Dates are easy. So much easier than random hook-ups.
I had originally arranged to get a train to Kent to see my Polish ex-priest, but he was working in London yesterday, so we decided to meet for a meal here instead. It was clear from our texts that we were both going back to our respective beds, and though this was a little disappointing, it was a relief as well. My date had also made it clear that this would be a purely vanilla evening. Nobody was going to try and twist my body into a shape it didn’t go. I wasn’t going to end up with pubes in my teeth. Nobody was going to try and put a dog collar on me. Nobody was going to put their hand over my mouth and force me to sniff poppers. Nobody was going to ask to watch me go to the toilet. Nobody was going to tell me that they’d been tested “last week” so it was fine if they didn’t wear a condom. Nobody was going to try to force-feed me, or ask me to help them become fat. Men are awful. We really are. All of us.
Anyway, I felt so relaxed on the way to the date, and I wondered if this was how heterosexuals felt about romance. There were no ulterior motives. We were just going to eat dinner and get to know each other. Like people do on TV. Pre-London me wouldn’t have been relaxed about going on a date, certainly not about going on a date with an actual ex-priest, but now a date is easy for me. I’m still nervous before a man takes me home, because I kind of assume he’s going to murder me. But no one’s going to murder me in the Spaghetti House by Marble Arch.
My date was lovely. We talked so much at first that the waiter had to come back three times to take our order because we were too busy getting to know each other to read the menu.
I like Polish people a lot. I wouldn’t have lived in Poland for three years if I didn’t. But I had forgotten quite how whiny they can be. He had a cold and no one has ever complained about their cold as much as he did. I also heard all about his problems at work, but all along, all I was thinking was “This is easy. This is so easy. Dates are great!”
He got meatballs and I got gnocchi. He made some really bad jokes about offering me his meatballs that I laughed too hard at.
He has lovely eyes.
We talked about his past in the priesthood and I told him about my family. He knew the religious group they were part of. In fact he’s said masses for them. (Could this date be more of a rebellion against my upbringing? No.) His response when he heard that I’d been brought up in that community was to say “They’re crazy. They’re not OK with you being gay.” It was surprisingly lovely to have someone understand. Most people either think that my family are like old-fashioned Irish catholics, or that they’re like Southern US Evangelicals, and they’re neither. He just got it. And that was nice.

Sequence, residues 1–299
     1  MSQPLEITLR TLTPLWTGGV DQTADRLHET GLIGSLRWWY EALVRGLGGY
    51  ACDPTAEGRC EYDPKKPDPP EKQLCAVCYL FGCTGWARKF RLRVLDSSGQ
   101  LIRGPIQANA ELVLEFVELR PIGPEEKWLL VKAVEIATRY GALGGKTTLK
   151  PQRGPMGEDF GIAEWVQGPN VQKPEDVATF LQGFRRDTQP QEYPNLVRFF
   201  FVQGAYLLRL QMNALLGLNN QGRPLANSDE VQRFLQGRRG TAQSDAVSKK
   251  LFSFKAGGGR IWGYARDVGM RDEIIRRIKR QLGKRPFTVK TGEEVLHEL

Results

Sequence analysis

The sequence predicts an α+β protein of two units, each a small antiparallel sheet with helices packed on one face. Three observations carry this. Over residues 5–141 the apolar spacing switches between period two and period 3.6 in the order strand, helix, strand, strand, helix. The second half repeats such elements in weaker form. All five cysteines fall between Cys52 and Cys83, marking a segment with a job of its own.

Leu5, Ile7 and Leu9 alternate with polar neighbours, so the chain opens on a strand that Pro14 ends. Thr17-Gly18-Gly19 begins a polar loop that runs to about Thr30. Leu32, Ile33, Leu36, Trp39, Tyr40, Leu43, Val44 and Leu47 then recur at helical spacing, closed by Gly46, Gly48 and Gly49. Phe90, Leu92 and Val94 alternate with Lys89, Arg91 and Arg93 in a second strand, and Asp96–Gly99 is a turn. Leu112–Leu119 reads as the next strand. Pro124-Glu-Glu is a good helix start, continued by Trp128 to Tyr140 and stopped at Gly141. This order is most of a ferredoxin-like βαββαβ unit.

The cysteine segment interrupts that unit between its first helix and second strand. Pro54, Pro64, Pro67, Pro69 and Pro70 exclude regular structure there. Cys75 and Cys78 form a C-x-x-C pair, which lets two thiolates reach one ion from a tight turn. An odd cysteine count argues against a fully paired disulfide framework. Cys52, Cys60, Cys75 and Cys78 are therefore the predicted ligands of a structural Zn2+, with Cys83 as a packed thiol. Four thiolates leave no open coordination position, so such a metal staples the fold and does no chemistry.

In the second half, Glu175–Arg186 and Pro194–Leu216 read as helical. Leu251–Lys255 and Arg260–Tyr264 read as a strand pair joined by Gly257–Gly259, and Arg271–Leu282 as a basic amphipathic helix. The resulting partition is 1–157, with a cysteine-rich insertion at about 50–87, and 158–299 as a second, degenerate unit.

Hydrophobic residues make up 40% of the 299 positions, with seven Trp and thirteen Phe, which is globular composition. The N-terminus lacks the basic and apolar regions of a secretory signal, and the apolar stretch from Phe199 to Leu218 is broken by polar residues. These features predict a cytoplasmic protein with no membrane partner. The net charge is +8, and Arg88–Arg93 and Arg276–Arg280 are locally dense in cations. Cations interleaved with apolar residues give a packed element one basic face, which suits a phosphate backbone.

As a priest, he used to be in a choir of priests that travelled around to different parishes performing until they got in copyright trouble. I told him about my own choir experience, singing in the Eurovision when I was a child. My one moment of fame.
He, like basically every gay I’ve met in London, is a total sci-fi geek. He was stunned when I said I’d never seen a Marvel movie. “Not…not even Guardians of the Galaxy?” he asked incredulously. I told him about the first man I’d met when I arrived in London, the bearish Italian who’d invited me over for “Netflix and a cuddle” and how we’d watched the first five minutes of Guardians of the Galaxy and then got too distracted by the cuddling to watch any more. He told me about all the various sci-fi and superhero shows he watched. I told him about how I preferred teen dramas and he said I should watch The Flash and Supergirl and I said I’d probably like them but my kind of teen show is something like Glee or The OC. “Glee? Oh, you’re very gay then.” Yes I am. And I’m not sorry for it.
He said he’d rather die than watch a musical. I am now determined to make him watch one.
We chatted a lot about men. He has quite a few semi-boyfriends on the go. As he said, there are more fat men looking for slim men than slim ones looking for fat ones, and he takes advantage of that. There are two different men in America who want to marry him, even though they’ve never met. I told him about all the various men, sweet and sleazy, I’ve met since I arrived in London and he expressed horror at the antics of some of them. It is good to have a gay who I can tell all the gory details to. I guess this was the part of the date that was the least heterosexual. I don’t think straight people tell each other about all their other options on a first date. But I enjoyed it. I think it was my favourite part.
We got the bill and I asked if I was meant to offer to pay for him. No. We’re both men apparently, so we split the bill.
We walked to the Tube station, where we were going in different directions. We chastely hugged goodbye. But that’ll change. I’m going to stay at his place in Kent next weekend.
Everything is looking up. I’m viewing a room in a house today. Hostel life is going to end soon. Very soon. I’ve had good news at work. And as well as my ex-priest, the deputy headmaster who did nasty things to me the night before my birthday has been in touch. He wants a rematch this weekend. I love London.